41. Kraut RA. Interactive CT diagnostics, planning and preparation for dental implants. Implant Dent. 1998; 7(1): 19-25.         [ Links ]

42. Hatcher DC, Dial C, Mayorga C. Cone beam CT for pre-surgical assessment of implant sites. J Calif Dent Assoc. 2003 Nov; 31(11): 825-33.         [ Links ]

43. Flügge T, Derksen W, te Poel J, Hassan B, Nelson K, Wismeijer D. Registration of cone beam computed tomography data and intraoral surface scans - A prerequisite for guided implant surgery with CAD/CAM drilling guides. Clin Oral Implants Res. 2017 Sep; 28(9): 1113-8.         [ Links ]

44. Colombo M, Mangano C, Mijiritsky E, Krebs M, Hauschild U, Fortin T. Clinical applications and effectiveness of guided implant surgery: a critical review based on randomized controlled trials. BMC Oral Health. 2017 Dec 13; 17(1): 150.         [ Links ]

45. Grunder U, Gracis S, Capelli M. Influence of the 3-D bone-to-implant relationship on esthetics. Int J Periodontics Restorative Dent. 2005 Apr; 25(2): 113-9.         [ Links ]

46. Wood MR, Vermilyea SG, Committee on Research in Fixed Prosthodontics of the Academy of Fixed Prosthodontics. A review of selected dental literature on evidence-based treatment planning for dental implants: report of the Committee on Research in Fixed Prosthodontics of the Academy of Fixed Prosthodontics. J Prosthet Dent. 2004 Nov; 92(5): 447-62.         [ Links ]

47. Drage NA, Palmer RM, Blake G, Wilson R, Crane F, Fogelman I. A comparison of bone mineral density in the spine, hip and jaws of edentulous subjects. Clin Oral Implants Res. 2007 Aug; 18(4): 496-500.         [ Links ]

48. Lindh C, Obrant K, Petersson A. Maxillary bone mineral density and its relationship to the bone mineral density of the lumbar spine and hip. Oral Surg Oral Med Oral Pathol Oral Radiol Endod. 2004 Jul; 98(1): 102-9.         [ Links ]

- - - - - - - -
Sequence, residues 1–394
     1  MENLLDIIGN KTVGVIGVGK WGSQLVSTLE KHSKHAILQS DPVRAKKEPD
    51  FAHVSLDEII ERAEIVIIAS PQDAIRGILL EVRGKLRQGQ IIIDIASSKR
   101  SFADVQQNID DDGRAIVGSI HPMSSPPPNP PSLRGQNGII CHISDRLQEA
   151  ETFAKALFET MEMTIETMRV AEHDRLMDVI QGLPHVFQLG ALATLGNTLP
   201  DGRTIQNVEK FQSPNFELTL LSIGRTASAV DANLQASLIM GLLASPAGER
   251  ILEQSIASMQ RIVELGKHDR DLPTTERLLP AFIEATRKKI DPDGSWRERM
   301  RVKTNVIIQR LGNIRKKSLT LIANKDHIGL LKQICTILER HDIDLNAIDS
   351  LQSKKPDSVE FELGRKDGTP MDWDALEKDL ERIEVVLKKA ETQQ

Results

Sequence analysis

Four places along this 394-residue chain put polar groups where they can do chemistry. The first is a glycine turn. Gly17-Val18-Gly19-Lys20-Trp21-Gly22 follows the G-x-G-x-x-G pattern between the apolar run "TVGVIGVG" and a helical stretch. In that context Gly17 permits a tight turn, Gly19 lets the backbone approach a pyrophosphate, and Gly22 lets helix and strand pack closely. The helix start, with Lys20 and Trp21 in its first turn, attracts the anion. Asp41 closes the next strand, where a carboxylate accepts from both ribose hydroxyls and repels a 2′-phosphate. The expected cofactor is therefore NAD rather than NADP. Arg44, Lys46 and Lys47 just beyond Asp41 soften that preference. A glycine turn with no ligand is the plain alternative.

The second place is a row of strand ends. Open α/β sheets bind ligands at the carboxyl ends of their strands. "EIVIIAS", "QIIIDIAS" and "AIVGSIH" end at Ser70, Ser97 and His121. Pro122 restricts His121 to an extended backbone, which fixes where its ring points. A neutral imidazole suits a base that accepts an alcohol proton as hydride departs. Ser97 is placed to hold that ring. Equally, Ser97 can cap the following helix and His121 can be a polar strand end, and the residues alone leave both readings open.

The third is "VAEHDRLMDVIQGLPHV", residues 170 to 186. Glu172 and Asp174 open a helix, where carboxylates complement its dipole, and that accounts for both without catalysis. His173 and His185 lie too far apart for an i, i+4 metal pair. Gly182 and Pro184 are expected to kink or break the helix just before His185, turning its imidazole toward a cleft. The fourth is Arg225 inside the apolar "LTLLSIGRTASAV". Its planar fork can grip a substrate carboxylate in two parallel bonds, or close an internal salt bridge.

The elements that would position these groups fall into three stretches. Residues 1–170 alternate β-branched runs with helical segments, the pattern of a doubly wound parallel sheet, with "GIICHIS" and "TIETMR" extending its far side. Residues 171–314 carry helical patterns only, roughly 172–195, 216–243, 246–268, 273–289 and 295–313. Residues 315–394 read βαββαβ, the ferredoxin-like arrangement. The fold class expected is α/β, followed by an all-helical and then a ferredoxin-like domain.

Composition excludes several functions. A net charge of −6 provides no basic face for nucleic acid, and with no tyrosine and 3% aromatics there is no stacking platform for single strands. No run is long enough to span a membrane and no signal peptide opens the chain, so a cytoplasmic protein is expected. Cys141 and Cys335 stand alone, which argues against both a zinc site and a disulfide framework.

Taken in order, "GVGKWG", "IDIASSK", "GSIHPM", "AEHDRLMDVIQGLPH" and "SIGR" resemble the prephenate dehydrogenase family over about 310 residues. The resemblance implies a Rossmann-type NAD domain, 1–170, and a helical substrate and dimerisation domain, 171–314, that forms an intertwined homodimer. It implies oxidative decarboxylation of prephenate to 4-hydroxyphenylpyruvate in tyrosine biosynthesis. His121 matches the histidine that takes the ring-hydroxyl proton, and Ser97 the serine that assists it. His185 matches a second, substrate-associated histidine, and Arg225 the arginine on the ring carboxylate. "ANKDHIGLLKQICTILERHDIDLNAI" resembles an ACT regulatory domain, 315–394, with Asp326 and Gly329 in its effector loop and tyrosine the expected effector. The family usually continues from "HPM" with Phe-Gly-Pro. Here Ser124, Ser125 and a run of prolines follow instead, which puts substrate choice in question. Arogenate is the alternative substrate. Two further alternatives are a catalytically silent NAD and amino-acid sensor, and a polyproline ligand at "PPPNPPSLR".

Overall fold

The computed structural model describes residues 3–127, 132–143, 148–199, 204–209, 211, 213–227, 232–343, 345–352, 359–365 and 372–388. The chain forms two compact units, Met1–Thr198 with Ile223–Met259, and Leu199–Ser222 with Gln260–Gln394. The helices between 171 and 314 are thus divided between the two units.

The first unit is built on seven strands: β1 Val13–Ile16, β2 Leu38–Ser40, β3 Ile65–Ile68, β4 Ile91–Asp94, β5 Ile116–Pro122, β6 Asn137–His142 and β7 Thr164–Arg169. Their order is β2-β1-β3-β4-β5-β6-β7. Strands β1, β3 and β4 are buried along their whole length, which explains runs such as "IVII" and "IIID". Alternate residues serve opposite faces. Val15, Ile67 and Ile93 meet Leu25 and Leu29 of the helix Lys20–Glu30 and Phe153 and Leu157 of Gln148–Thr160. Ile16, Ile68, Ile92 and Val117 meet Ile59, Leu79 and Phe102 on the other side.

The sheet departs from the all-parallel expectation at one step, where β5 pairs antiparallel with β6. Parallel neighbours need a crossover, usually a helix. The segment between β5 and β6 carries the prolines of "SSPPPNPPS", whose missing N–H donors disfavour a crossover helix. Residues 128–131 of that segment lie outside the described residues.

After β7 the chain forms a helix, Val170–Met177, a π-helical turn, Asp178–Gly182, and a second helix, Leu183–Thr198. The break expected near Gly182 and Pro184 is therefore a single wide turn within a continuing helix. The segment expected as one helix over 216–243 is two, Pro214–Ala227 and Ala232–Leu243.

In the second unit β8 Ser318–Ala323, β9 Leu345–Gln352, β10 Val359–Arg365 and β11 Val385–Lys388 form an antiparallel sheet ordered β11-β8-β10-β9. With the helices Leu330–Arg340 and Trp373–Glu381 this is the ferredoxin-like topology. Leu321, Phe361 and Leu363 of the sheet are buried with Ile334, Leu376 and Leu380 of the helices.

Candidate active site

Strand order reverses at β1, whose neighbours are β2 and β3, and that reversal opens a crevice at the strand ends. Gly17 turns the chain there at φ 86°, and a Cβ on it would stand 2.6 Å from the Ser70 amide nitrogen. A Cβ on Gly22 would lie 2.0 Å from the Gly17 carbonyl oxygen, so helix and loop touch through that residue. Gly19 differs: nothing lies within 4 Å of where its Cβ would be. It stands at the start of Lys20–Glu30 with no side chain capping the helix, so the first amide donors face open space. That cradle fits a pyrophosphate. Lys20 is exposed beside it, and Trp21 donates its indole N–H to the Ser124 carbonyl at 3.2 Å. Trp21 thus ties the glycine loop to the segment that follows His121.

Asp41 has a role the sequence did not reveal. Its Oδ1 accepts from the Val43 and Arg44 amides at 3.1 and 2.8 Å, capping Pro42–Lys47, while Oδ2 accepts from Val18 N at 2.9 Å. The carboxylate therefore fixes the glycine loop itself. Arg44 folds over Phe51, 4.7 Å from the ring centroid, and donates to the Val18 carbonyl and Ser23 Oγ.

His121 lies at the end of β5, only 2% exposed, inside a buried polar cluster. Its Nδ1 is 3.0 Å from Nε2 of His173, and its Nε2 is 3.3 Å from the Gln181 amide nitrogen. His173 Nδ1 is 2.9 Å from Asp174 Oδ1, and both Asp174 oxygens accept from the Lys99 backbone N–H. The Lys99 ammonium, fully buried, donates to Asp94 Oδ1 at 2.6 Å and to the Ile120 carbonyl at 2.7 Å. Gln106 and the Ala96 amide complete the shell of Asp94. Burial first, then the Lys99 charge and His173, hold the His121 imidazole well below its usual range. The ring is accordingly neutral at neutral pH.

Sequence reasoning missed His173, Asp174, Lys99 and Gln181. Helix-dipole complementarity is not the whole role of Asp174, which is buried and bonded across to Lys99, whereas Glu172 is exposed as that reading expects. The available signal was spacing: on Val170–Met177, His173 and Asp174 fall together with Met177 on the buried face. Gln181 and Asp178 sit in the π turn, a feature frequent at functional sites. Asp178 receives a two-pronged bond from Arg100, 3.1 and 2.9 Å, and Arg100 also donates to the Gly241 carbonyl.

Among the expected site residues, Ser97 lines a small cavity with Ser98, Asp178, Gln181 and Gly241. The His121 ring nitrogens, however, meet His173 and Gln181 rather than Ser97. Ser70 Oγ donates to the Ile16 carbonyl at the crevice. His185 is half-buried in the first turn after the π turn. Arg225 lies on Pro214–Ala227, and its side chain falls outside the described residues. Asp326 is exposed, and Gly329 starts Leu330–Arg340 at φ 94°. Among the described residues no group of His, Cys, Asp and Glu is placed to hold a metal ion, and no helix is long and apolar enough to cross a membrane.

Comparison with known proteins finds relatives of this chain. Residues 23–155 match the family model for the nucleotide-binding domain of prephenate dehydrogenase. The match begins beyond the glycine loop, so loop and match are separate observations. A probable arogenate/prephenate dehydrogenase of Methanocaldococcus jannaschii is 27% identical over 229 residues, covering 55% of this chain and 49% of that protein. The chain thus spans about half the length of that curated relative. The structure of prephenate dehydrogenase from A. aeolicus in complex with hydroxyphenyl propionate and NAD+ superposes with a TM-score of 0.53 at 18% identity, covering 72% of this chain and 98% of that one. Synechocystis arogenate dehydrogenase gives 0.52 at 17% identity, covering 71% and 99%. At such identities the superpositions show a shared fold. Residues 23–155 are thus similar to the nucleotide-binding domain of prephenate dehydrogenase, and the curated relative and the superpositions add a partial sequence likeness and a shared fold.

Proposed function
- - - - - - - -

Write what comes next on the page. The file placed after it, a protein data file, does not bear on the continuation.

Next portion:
49. Lindh C, Nilsson M, Klinge B, Petersson A. Quantitative computed tomography of trabecular bone in the mandible. Dentomaxillofacial Radiol. 1996 Jun; 25(3): 146-50.         [ Links ]

50. Turkyilmaz I, Tözüm TF, Tumer C. Bone density assessments of oral implant sites using computerized tomography. J Oral Rehabil. 2007; 34(4): 267-72.         [ Links ]

51. Aksoy U, Eratalay K, Tözüm TF. The possible association among bone density values, resonance frequency measure-ments,tactile sense, and histomorphometric evaluations of dental implant osteotomy sites: A preliminary study. Implant Dent. 2009; 18(4): 316-25.         [ Links ]

52. Cassetta M, Stefanelli LV, Paciflci A, Paciflci L, Barbato E. How Accurate Is CBCT in Measuring Bone Density? A Comparative CBCT-CT In Vitro Study. Clin Implant Dent Relat Res. 2014 Aug; 16(4): 471-8.         [ Links ]

53. Arisan V, Karabuda ZC, Avsever H, Özdemir T. Conventional Multi-Slice Computed Tomography (CT) and Cone-Beam CT (CBCT) for Computer-Assisted Implant Placement. Part I: Relationship of Radiographic Gray Density and Implant Stability. Clin Implant Dent Relat Res. 2013 Dec; 15(6): 893-906.         [ Links ]

54. Katsumata A, Hirukawa A, Okumura S, Naitoh M, Fujishita M, Ariji E, et al. Effects of image artifacts on gray-value density in limited-volume cone-beam computerized tomography. Oral Surgery, Oral Med Oral Pathol Oral Radiol Endodontology. 2007 Dec; 104(6): 829-36.         [ Links ]

55. Armstrong RT. Acceptability of Cone Beam CT vs. Multi-Detector CT for 3D Anatomic Model Construction. J Oral Maxillofac Surg. 2006 Sep 1; 64(9): 37.         [ Links ]

56. Miles D, Danforth R. A Clinician's Guide to Understanding Cone Beam Volumetric Imaging (CBVI). Peer-Reviewed Publication - Academy of Dental Therapeutics and Stomatology. 2008.         [ Links ]

57. Nackaerts O, Maes F, Yan H, Couto Souza P, Pauwels R, Jacobs R. Analysis of intensity variability in multislice and cone beam computed tomography. Clin Oral Implants Res. 2011 Aug; 22(8): 873-9.         [ Links ]

58. Naitoh M, Hirukawa A, Katsumata A, Ariji E. Evaluation of voxel values in mandibular cancellous bone: relationship between cone-beam computed tomography and multislice helical computed tomography. Clin Oral Implants Res. 2009 May; 20(5): 503-6.         [ Links ]

59. Nomura Y, Watanabe H, Honda E, Kurabayashi T. Reliability of voxel values from cone-beam computed tomography for dental use in evaluating bone mineral density. Clin Oral Implants Res. 2010 May; 21(5): 558-62.         [ Links ]

60. Reeves T, Mah P, McDavid W. Deriving Hounsfleld units using grey levels in cone beam CT: a clinical application. Dento-maxillofacial Radiol. 2012 Sep; 41(6): 500-8.         [ Links ]